Mckay and the Ambiguity of Home

I was drawn to two poems of Mckay’s for this week: “Subway Wind” and “To One Coming North.” In both, there is a longing for home, for “native” lands. When thought of together, though, there is an ambivalence that comes with the desire for home.

“Subway Wind” uses the image of a subway tunnel and the wind that rushes through it, as a vehicle for thinking about the “captive” state of people who live in the city yet “moan… for fields and seas” of more natural places. Here these places are seaports and islands, the tropics. Mckay connects these foreign locales with freedom, wildlife, ease, and an openness; ideas that runs counter to the crammed “packed” and stultifying subways that are emblematic of life in the city. The poem turns on the word “moan” wherein the narrator begins desiring something other than the intestines of the city scape in which they are stuck. The moan, an image of painful desire, unleashes an imaginative journey that illustrates the desire to escape to “native” lands at the heart of the home (a desire that doesn’t materialize).  This poem is a pretty clean rejection of urban, technological centers of life in the north and an embrace of more natural tropical settings.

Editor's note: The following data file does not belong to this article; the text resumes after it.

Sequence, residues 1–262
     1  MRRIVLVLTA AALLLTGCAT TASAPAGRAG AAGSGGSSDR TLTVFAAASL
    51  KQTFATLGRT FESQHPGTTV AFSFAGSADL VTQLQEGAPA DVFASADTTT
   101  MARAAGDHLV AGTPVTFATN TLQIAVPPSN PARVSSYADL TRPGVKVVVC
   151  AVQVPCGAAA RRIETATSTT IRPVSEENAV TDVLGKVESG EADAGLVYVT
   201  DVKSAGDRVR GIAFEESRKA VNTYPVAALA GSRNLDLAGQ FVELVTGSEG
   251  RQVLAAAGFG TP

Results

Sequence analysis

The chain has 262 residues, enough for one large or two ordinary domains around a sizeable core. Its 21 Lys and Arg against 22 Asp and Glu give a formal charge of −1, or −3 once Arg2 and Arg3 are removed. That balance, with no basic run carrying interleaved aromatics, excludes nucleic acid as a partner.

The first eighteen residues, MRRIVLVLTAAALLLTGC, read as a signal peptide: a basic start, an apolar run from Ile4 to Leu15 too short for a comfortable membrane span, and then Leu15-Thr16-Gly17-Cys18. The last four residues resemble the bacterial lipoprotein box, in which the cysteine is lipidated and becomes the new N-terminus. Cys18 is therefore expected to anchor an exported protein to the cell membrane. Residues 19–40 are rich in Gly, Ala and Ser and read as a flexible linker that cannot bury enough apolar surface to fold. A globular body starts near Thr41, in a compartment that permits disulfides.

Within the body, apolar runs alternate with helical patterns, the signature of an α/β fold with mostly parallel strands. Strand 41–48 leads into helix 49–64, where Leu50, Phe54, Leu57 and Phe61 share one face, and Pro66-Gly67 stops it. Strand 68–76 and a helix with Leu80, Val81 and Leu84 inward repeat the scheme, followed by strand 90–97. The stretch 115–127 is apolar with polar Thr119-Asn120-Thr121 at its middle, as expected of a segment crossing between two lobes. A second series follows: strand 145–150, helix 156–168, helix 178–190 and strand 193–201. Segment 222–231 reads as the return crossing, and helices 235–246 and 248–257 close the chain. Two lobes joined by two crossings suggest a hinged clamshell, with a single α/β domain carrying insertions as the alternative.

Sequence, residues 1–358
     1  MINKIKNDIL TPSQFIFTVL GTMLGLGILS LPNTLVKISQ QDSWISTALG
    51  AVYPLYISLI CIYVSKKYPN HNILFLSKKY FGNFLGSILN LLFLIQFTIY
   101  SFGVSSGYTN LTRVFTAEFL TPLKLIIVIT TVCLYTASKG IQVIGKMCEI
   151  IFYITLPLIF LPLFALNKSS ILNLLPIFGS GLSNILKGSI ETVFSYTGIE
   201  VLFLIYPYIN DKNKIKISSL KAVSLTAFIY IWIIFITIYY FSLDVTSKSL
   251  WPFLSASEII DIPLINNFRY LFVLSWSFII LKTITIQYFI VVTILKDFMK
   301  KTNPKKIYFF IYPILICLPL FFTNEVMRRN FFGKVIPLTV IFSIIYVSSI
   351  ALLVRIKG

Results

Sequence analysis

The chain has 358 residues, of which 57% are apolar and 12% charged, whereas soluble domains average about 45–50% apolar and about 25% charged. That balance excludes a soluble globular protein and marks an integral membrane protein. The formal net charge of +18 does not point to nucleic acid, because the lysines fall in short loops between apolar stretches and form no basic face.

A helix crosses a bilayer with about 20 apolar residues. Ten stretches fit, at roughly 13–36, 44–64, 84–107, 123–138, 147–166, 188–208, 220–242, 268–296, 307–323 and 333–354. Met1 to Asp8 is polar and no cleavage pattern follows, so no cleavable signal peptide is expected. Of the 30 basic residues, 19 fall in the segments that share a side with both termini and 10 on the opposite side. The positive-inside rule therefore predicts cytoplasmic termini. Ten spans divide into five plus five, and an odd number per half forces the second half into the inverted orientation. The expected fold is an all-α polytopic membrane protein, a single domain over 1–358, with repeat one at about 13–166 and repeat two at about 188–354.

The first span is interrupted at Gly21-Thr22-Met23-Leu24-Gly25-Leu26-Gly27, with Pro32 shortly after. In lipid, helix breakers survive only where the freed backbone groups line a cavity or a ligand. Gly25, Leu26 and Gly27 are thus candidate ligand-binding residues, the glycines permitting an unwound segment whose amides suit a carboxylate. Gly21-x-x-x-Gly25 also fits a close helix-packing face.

“To One Coming North,” on the other hand, is more ambiguous in its theorizing/desiring of home.  The central image here is that of snowfall—it is, like the wind in the previous poem, what signals the foreign, the alien, the unhealthy, for the narrator. The snow is pleasant at first but then the “wind-worried void… chilly, raw” sets in and the narrator “long[s] for home.” Unlike the subway winds which are omnipresent in the cycles of the city, the snow is seasonal: as it arrives it alienate the narrator and inspires a desire for “flowering lanes… and spaces dry.” Yet as it disappears and warm weather comes back around, the narrator sees the beauty in the “Northland” as it is “wreathed in golden smiles/ By the miraculous sun turned glad and warm.”

While I see ambiguous ideas of home with each narrator, one key difference is the inherent subway winds (not seasonal, a permanent fixture of the city) and the transient snow. In “Subway Wind” the natural environment (or the evidence of) is always alienating. In “To One Coming North” the idea of home comes and goes with the seasons. The next question is the psychological impact of each of these experiences. Both poems show conflicted narrators and feelings of unbelonging and discontentedness for the narrators, yet in distinctly different ways.